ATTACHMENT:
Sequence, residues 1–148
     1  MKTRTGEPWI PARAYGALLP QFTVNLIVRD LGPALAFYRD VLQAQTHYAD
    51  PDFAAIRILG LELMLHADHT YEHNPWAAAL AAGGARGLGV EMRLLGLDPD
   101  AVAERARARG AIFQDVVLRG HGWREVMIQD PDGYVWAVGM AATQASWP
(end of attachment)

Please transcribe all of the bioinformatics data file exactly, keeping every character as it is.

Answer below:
Sequence, residues 1–148
     1  MKTRTGEPWI PARAYGALLP QFTVNLIVRD LGPALAFYRD VLQAQTHYAD
    51  PDFAAIRILG LELMLHADHT YEHNPWAAAL AAGGARGLGV EMRLLGLDPD
   101  AVAERARARG AIFQDVVLRG HGWREVMIQD PDGYVWAVGM AATQASWP